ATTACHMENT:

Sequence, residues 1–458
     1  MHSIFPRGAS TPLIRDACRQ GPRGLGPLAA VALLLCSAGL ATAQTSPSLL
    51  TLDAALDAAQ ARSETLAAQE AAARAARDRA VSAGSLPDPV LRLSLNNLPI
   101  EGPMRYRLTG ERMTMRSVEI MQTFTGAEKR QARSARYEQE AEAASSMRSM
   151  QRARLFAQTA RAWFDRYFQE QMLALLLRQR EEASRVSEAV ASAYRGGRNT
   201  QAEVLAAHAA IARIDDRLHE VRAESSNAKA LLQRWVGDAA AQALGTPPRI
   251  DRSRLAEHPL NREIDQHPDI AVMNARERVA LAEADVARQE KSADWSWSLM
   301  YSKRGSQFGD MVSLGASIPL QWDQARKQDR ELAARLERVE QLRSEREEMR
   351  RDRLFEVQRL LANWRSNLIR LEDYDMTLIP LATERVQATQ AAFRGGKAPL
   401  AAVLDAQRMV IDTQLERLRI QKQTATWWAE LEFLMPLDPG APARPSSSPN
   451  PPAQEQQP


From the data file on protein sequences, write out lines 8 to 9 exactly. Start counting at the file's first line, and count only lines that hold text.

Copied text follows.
   301  YSKRGSQFGD MVSLGASIPL QWDQARKQDR ELAARLERVE QLRSEREEMR
   351  RDRLFEVQRL LANWRSNLIR LEDYDMTLIP LATERVQATQ AAFRGGKAPL